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Customizable DataPoint Labels

Posted on 13 May 2014 Written by Andrew Polkinghorn

A feature that is commonly asked to be added to ShinobiCharts was DataPoint Labels. Well… they are now available in the latest version of our iOS Charts! This blog post explains how easy it is to customize your own bar chart’s datapoint labels in a few simple steps.

I’m going to use a sample project which applies a custom datapoint label style to a bar chart which displays medal data from the Winter Olympics. You can browse or clone the finished project used in this post on github, or download it as a zip. You’ll need a copy of ShinobiCharts to build the project – if you don’t have one yet, you can download a free trial

Screenshot

To make datapoint labels appear you need to set the “showLabels” property on your series “dataPointLabelStyle” object to “YES” like so:

barSeries.style.dataPointLabelStyle.showLabels = YES;

This should make labels appear at the end of each bar with the text set to the X-Axis value for that datapoint.

Screen Shot 2014 05 01 At 101853

This is where we can start having a little fun!

We can now customize this datapoint label before it appears on screen. This can be done by implementing the SChartDelegate method “sChart:alterDataPointLabel:forDataPoint:inSeries:”.

Make sure you have set the delegate on your chart so your implementation of this method gets called, e.g.

self.chart.delegate = self;

In the implementation of “sChart:alterDataPointLabel:forDataPoint:inSeries:” we get passed an object of type SChartDataPointLabel which is a subclass of UILabel. This is what we’ll be customizing to revamp those datapoint labels. Before we start customizing the label we need to set the “tag” property on the label like so:

// The label identifier is used to prevent already customized labels getting customized again.
if (label.tag != LABEL_IDENTIFIER) {
    label.tag = LABEL_IDENTIFIER;
    // INSERT CUSTOM LABEL STYLE HERE
    ...
}

This is so we know which labels have already been styled, preventing your custom styles being applied to a label that has already been styled. 

The first part of the label we are going to customize in this example is the label text, we are going to append another string on to the label’s text.

label.text = [label.text stringByAppendingString:@" x"];

When we edit the text on the label we have to update the label’s size values to make sure the extra text added fits inside the label. We can do this by finding the minimum width needed for the new label text to fit on the label. This can be done with the following code:

// Calculate the size of the string label with the supplied font, and no existing constraints on size.
NSDictionary *attributes = @{NSFontAttributeName:label.font};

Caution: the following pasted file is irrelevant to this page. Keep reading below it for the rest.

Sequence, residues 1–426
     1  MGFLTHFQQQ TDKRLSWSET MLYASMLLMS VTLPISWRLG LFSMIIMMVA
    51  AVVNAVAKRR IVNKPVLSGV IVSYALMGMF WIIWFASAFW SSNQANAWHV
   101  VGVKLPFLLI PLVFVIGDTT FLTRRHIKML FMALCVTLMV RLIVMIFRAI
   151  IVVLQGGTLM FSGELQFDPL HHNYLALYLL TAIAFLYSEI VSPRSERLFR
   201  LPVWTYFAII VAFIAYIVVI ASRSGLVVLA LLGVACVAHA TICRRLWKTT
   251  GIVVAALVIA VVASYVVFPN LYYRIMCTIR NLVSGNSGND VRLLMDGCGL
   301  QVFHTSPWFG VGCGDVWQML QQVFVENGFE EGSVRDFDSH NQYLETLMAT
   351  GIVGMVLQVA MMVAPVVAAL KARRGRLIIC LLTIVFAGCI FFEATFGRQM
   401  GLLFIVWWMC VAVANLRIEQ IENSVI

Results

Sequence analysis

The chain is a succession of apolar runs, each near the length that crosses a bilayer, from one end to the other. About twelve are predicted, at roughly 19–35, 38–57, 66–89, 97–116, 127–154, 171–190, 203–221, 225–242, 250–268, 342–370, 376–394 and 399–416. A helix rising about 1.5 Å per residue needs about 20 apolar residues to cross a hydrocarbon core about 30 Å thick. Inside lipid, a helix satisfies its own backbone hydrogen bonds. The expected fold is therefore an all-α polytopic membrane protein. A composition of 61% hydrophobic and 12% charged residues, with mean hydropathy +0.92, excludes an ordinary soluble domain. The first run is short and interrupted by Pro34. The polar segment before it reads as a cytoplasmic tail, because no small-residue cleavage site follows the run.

NSAttributedString *attributedString = [[NSAttributedString alloc] initWithString:label.text attributes:attributes];
CGFloat labelWidth = [attributedString boundingRectWithSize:CGSizeZero
                                                        options:(NSStringDrawingUsesLineFragmentOrigin|NSStringDrawingUsesFontLeading)
                                                        context:nil].size.width;

We will update the label’s frame with this newly calculated “labelWidth” after our final customization so we know how big we want the label to be.

Now we are going to add a medal image to the datapoint label using the series’ index to determine which image to use as each series is a different medal. 

// Get name of image
NSInteger seriesIndex = [[self.chart series] indexOfObject:series];
NSString *imageName;
if(seriesIndex == 0) {
    // Image source: https://www.iconfinder.com/icons/38816/ball_orange_icon
    imageName = @"bronze";
} else if(seriesIndex == 1) {
    // Image source: https://www.iconfinder.com/icons/38794/ball_grey_icon
    imageName = @"silver";
} else {
    // Image source: https://www.iconfinder.com/icons/38864/ball_yellow_icon
    imageName = @"gold";
}

Once we have the correct image name we add that image to the datapoint label. 

// Add image to dataPointLabel
UIImageView *image = [[UIImageView alloc] initWithImage:[UIImage imageNamed:imageName]];
image.frame = CGRectMake(labelWidth, 0, IMAGE_SIZE, IMAGE_SIZE);
[label addSubview:image];

This is the final customization we are going to do on the datapoint labels so we can now update the label frame’s size because we know how big we want our datapoint labels to be.

// Update label frame's size
newLabelFrame.size.width = labelWidth + IMAGE_SIZE;
newLabelFrame.size.height = IMAGE_SIZE;

Finally, we now update the position of the datapoint label by updating the label’s origin values.

// We need to reposition the label by updating its origin values.
newLabelFrame.origin.x = CGRectGetMidX(label.frame) - (newLabelFrame.size.width + PADDING);
newLabelFrame.origin.y = CGRectGetMidY(label.frame) - newLabelFrame.size.height / 2;
label.frame = newLabelFrame;

The datapoint labels needs to be repositioned every time the chart calls this method due to it positioning the label at the end of the bar by default. 

You should now be able to see a fully customized datapoint label on your bar chart!

To summarise, here are the steps to follow to customize your dataPoint labels:

  1. Set the “showLabels” property on the “barSeries.style.dataPointLabelStyle” object to YES.
  2. Set the delegate on your chart and implement the SChartDelegate method “sChart:alterDataPointLabel:forDataPoint:inSeries:”.
  3. Set the “tag” property on the datapoint label to identify which labels need styling. 
  4. Customize the SChartDataPointLabel to your heart’s content! 

If you got stuck with any of this, you can download the finished project used in this post from github.

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